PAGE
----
And now…finally…some good news in dry AMD!
Geographic atrophy (GA) remains a significant unmet need that has been met with great attention by investigators and industry. However, until now, all prior trials of therapeutic interventions for GA have failed. Apellis Pharmaceuticals has changed that paradigm, finally giving us some hope for a treatment in this challenging disease.
According to a press release, Apellis tested APL-2 in a phase 2 trial for GA, and met the primary endpoint at 12 months. APL-2 binds to C3 and C3b and acts to functionally inhibit complement activation. The asset was injected intravitreally monthly, and was tested versus a sham control in a multicenter, randomized, single-masked trial design. Exposure to the experimental agent resulted in a statistically significantly reduction in the rate of GA lesion growth by 29% compared with sham (P = .008). In addition, when given in a q2 month dosing regimen, the rate of GA reduction was 20% (P = .067).
Interestingly, the drug was more effective in the second half of the trial, where during the second 6 months, the outcomes were superior to the data from the first 6 months. In the latter half of the trial, post hoc analyses demonstrated a 47% rate of GA reduction with monthly doing (P < .001) and 33% with q2 month drug exposure.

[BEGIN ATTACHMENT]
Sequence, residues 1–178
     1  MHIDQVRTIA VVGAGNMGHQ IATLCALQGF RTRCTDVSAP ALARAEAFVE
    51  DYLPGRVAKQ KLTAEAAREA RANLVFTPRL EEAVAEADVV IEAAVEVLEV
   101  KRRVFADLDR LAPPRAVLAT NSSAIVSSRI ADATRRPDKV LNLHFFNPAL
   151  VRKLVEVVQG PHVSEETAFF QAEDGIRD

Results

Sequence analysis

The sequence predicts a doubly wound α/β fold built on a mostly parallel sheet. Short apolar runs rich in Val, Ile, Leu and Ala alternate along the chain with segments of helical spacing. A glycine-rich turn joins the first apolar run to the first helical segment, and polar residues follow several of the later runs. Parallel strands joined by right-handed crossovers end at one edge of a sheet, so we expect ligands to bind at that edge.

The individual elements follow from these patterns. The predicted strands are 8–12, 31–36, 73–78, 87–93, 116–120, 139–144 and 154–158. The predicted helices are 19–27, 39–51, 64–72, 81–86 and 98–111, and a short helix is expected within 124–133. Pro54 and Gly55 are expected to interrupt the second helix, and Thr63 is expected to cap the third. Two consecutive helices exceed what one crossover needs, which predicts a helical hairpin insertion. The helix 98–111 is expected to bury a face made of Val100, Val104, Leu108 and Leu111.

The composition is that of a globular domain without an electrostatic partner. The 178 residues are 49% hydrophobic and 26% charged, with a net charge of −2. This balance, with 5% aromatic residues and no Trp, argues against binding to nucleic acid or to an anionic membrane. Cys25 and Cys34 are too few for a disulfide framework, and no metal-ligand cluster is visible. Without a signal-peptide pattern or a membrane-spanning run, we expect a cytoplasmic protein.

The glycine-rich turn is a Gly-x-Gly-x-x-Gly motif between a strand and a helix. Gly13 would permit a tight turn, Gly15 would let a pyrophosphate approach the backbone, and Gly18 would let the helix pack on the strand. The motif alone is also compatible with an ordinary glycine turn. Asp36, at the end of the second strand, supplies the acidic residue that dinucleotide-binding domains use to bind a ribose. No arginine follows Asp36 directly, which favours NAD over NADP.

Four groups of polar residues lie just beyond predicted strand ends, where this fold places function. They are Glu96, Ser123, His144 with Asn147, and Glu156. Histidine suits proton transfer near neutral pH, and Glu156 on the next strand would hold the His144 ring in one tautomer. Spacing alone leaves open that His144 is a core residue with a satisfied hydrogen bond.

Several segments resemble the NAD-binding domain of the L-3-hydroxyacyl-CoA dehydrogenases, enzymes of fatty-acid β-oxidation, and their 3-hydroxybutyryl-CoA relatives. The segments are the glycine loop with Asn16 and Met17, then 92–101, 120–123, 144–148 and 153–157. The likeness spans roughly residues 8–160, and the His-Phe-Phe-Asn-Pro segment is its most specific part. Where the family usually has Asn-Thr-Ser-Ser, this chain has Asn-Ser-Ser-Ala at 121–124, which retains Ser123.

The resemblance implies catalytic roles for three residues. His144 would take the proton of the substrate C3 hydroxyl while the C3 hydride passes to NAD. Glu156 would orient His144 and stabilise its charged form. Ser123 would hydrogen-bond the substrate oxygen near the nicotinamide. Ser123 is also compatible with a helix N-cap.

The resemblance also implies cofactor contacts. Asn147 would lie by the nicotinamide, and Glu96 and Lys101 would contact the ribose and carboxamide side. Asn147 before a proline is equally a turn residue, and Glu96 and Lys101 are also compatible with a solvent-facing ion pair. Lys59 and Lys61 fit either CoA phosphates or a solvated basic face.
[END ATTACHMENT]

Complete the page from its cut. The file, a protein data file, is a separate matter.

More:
The study was not without concerns. While the experimental molecule did reduce the rate of GA enlargement, treated eyes also demonstrated a higher incidence of conversion to neovascular AMD. While this is certainly an issue that needs to be carefully monitored in a larger study, the patients who developed this were treated with anti-VEGF therapy and did not lose vision as a result.
This sounds great, but we have been down this path before. There are a myriad of experimental assets that have looked promising in phase 2, but have failed when tested in a larger, powered investigation. Will APL-2 become a true game changer, or join the ranks of the defeated that have taken on GA before? Only time will tell, but the company should be praised for the excellent work and outcomes to date.
Jonathan Prenner, M.D.